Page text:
"We'll do something about that," I said. "Right away. But I need you stay with me right now. Put aside all your other calls till I'm finished with this patient."
The triage threw his partner the keys to the space ambulance and nodded.
Three hours after she had been admitted into the operating room, Chaney's cousin was ready for recovery. I had saved her, and seeing that it was my first open heart surgery, I was even more proud of myself than before with the emergency appendectomy. I had reconstructed her heart, her existence for a time dependent upon the most advanced technology. The triage supervised her transfer from the table to the rolling stretcher, and it was important to stay with her a while longer. A tube was down her throat, its connection taped across her mouth for the ventilator that would breathe for her until the lungs rallied¾if they could. During the transfer, I would take turns with the triage squeezing the black oxygen bag to feed her oxygen.
Doctor Reinhold had stumbled out between surgeries and hovered as the triage hooked her up to the various monitoring machines. I just happened to be in recovery at the time checking on my appendectomy patient and moved down to the woman's bed. "She'll be all right if a cardiologist takes proper care of her," said Reinhold. "Let me through."
I blocked his way. "Not this time, Reinhold. I know times are rough for the infirmary, but you have committed a massive assault on this medical institution and the patients within it. And don't bother passing the buck to me either."
Reinhold pushed me aside and said, not wholly in jest, "Your shift is over. Go back to the space station, Toby."
I just muttered, "My shift may be over, but your career is over." But in reality a good doctor is on call twenty-four hours a day (or depending on how many hours there are in your spacial location). Hospitals are in need of great surgeons all the time.
After a six-hour sleep at the station I flew back quickly to the infirmary, where I wanted to follow the woman's progress through the most critical day of her life. Chaney was a wreck. She was back on duty and had not slept a wink. Shortly after 11:00AM, I was having coffee in the lounge when Chaney hurried in with her cousin's chart. The woman's potassium level had plunged. And so, without a second thought, she was given some right away.
In the hours after heart surgery, five dangers are often watched for: heart block, lung malfunction, arrhythmia, bleeding around the heart, and then there's bleeding around the graft. An abnormal rhythm can send the heart into fibrillation and death, and a fatal drop in blood pressure and fluid trapped inside the pericardium often accompanies bleeding around the heart. It can only be corrected by emergency surgery.
When there was a period of almost an hour without a page or summons from Reinhold, Chaney and myself relaxed with a couple of other nurses on duty. We just happened to be talking about Reinhold¾his skills as a doctor, his failures as one¾a continuing topic of conversation among the staff.
"I can't thank you enough," said Chaney, stopping in the middle of the floor to give me a hug. "You saved her life. I watched her grow up you know. I don't know what I would have done if something ever happened to her."
"Be thankful the transfer and surgery were successful, but I want you to know that the next 72 hours are going to be critical." I didn't want to get her hopes up. In the medical profession a patient's health can change when you least suspect it. Take my appendectomy patient for example: I thought all was well with him until his stitches opened up the following day. He had to be sewn back up right away.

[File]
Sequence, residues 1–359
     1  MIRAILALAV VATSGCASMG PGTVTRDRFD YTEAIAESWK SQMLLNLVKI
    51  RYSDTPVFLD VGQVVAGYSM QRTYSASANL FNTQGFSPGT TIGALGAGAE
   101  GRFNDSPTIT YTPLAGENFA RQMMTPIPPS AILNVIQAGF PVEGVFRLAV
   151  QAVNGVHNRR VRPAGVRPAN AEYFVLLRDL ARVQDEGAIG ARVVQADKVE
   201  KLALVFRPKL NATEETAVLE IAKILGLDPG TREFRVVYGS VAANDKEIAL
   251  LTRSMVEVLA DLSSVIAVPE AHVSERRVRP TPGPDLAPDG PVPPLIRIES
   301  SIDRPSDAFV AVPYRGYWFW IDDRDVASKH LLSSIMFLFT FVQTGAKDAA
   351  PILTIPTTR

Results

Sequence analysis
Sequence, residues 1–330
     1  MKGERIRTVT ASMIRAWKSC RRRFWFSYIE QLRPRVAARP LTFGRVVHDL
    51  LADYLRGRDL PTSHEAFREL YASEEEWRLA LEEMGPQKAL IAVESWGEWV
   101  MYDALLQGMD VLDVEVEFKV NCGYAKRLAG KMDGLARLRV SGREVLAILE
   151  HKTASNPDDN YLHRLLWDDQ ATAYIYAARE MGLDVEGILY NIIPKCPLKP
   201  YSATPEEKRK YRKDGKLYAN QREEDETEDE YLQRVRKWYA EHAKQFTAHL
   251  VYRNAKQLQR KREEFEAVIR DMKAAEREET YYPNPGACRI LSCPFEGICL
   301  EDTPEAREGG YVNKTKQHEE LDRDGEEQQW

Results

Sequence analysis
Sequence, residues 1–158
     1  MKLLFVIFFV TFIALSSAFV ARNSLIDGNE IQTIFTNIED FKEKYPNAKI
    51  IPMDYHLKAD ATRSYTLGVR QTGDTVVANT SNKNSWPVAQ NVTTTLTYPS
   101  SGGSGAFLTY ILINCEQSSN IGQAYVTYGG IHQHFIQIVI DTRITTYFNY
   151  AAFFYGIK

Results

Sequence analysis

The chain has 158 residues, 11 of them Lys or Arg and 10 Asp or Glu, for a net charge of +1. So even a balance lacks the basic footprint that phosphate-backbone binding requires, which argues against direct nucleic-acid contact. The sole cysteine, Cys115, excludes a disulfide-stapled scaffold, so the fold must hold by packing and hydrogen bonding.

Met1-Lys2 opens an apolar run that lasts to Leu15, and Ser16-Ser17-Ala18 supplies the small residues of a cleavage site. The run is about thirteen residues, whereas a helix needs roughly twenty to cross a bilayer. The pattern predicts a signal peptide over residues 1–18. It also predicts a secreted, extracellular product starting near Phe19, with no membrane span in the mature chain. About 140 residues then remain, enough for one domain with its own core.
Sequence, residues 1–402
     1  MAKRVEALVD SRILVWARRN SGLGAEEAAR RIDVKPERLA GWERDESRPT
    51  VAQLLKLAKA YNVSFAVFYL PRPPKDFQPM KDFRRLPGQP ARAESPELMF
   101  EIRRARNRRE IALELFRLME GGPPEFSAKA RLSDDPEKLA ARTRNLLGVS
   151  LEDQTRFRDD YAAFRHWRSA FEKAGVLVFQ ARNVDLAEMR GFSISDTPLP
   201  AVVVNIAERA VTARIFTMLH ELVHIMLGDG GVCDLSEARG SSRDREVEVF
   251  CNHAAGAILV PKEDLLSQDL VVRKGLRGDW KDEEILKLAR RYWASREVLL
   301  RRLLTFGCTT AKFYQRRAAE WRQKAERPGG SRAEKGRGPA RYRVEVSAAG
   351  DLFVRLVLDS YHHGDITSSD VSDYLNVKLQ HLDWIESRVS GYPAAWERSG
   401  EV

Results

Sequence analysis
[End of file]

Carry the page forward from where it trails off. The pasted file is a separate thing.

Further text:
"I know," she said, a tear running down her cheek. "I know. Heart problems seem to run in the family." She began to chuckle, but it wasn't the happy kind. "I sometimes wish every illness in the galaxy were curable."
I looked at her and said, "I do too, but even with the technology available to us in this day and age, it is still impossible to beat death. It comes to all of us at one time or another. God meant it that way." And I couldn't believe I had once looked up to Reinhold as God. I was partially ashamed of myself.
"I'm about to head to the nurse's station," said Chaney, "and I was wondering … what will happen to Reinhold?"
"The Federation will probably take away his license," I said. "He'll probably stand before a board, but because of his twenty years in the practice, he'll be reinstated in five, or at least eligible. But I think he'll take this opportunity to mark his retirement. The man is washed up." I looked around the emergency room and grinned. "So this is what it's like to be a full-time resident at a hospital in space. The work that you put in, the undaunted effort. I'm glad I chose this as my place in life. I picked the right career¾helping people. I'm sure going to miss this infirmary when they shut it down."
"As will I," said Chaney. "As will I."
Well, anyway, seventy-two hours after surgery, Chaney's cousin was sitting up, sipping on a ginger ale, brushing her hair, and tearing into a pile of get-well cards. The bluish cast to her skin was gone, the sadness had slipped from her eyes, and though she was still pale, she was able to breathe on her own and there was a general aliveness about her that had not been there when she was first wheeled in. I listened to her heart and she accepted my stethoscope without protest. "You must be sick, my dear, you're so quiet," I said, nodding encouragingly at Chaney on the opposite side.
"And what is your prognosis for today, Doctor Tobias?" asked Chaney. She just happened to be smiling at the same time she asked me that. So I smiled back.
"It'll be a few months before those hissing noises go away," I said, "but I do believe she's going to be fine."